Critics of the fund industry argue that fund expenses are too high. They believe that the market for mutual funds is not competitive and that there are many hidden fees, so that it is difficult for investors to reduce the fees that they pay. Many researchers have suggested that the most effective way for investors to raise the returns they earn from mutual funds is to reduce the fees that they pay. They suggest that investors look for no-load funds with low expense ratios. Definitions Definitions of key terms. Net asset value or NAV Main article: Net asset value A fund's net asset value or NAV equals the current market value of a fund's holdings minus the fund's liabilities (sometimes referred to as "net assets"). It is usually expressed as a per-share amount, computed by dividing by the number of fund shares outstanding. Funds must compute their net asset value every day the New York Stock Exchange is open. Valuing the securities held in a fund's portfolio is often the most difficult part of calculating net asset value. The fund's board of directors (or board of trustees) oversees security valuation. Average annual total return The SEC requires that mutual funds report the average annual compounded rates of return for 1year, 5-year and 10-year periods using the following formula:[20] P(1+T)n = ERV Where: P = a hypothetical initial payment of $1,000. T = average annual total return. n = number of years. ERV = ending redeemable value of a hypothetical $1,000 payment made at the beginning of the 1-, 5-, or 10-year periods at the end of the 1-, 5-, or 10-year periods (or fractional portion). Turnover Turnover is a measure of the volume of a fund's securities trading. It is expressed as a percentage of net asset value and is normally annualized. Turnover equals the lesser of a fund's purchases or sales during a given period (of no more than a year) divided by average net assets. If the period is less than a year, the turnover figure is annualized.

Difference between Shares and Mutual Funds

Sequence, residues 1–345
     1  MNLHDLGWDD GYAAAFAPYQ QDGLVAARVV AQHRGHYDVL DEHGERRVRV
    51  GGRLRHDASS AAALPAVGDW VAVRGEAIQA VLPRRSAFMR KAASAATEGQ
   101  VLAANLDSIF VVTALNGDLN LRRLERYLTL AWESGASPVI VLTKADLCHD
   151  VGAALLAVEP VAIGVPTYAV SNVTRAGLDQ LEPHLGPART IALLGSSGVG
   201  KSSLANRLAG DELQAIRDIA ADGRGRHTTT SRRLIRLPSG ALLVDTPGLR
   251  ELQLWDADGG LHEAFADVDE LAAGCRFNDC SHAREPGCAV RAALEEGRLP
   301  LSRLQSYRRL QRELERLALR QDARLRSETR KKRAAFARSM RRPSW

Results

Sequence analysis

Shares: When companies look for money for their business, they can get it in two ways either they borrow from a bank and pay interest ("debt") or they ask people like you and me to invest and give us shares ("equity"). A share is a part of a business. Then let's say a friend named Rahul wants to buy a share of this business but the company has got all the money it needs. So Rahul asks us to sell our shares to him, at a higher value than we bought it. So he will own our share of the company, but he's willing to pay more because he thinks the company will do well. Now we make a profit and then Rahul perhaps sells it to someone else at even higher values etc. The company doesn't really get affected because it isn't seeing the money, but the share price goes up as the company starts doing better, and as more people begin to want the shares. Why does the share price go up? The answer is: Perceived value. I may think the company is worth 1 crore, but someone else might think it's worth 2 crores. When my shares reach my valuation I sell, but someone else will think it's a good deal and buy. To organise such buying and selling, there are commercial "stock exchanges". BSE and NSE are some of them, though there are a number of other, smaller exchanges in India. An exchange provides a common place for people to buy or sell shares, with sales happening on an auction basis - buyers bid for shares at a price they are willing to pay, and sellers "ask" for a price from buyers. Exchanges match these prices and share exchanges happen along with payments. "Brokers" facilitate these exchanges, and you pay them a fee as brokerage, part of which goes to the stock exchange as well. Mutual funds: When a lot of shares are available on stock exchanges, you and me don't know which companies to invest in. But let us say a guy named Sandip Subherwal knows, and keeps track of the market daily. So we give him our money and he buys and sells stocks for us. This is a mutual fund - it's our money (mutual), and Sandip is a Fund Manager. There is a structure to this in India, so a fund manager is part of an "asset management company (AMC)". To protect Sandip from running away with our money, SEBI has some rules in place, and there are "trustees" for every fund. With this structure the AMC issues "units" to us for the money we have invested, and tells us how much our units are worth daily (NAV). We can then choose to exit by selling our units back to the AMC ("redemption"). Mutual funds are not just restricted to shares. They are mutual investments, therefore they can be anywhere. The common ones are equity (stocks and shares) and Debt. Debt markets are where companies borrow money, but they want to borrow huge sums of money that you and I don't have. Therefore, we pool in our money (mutual fund) and give the big whole lot to the company at an interest. Even the government borrows, but again, only large sums of money. Mutual funds can invest there too. Debt is traditionally "safer" than equity since there is a fixed valuation and good rating mechanisms to curb risk; and in the same vein, the profits (and losses) are usually much lesser than equity. Mutual funds can also invest in other investment avenues, like Gold, Real Estate, Commodities and even in Windmills! Of course, in India only a few of these are available. Shares are a part of a business, mutual funds are cumulative investment.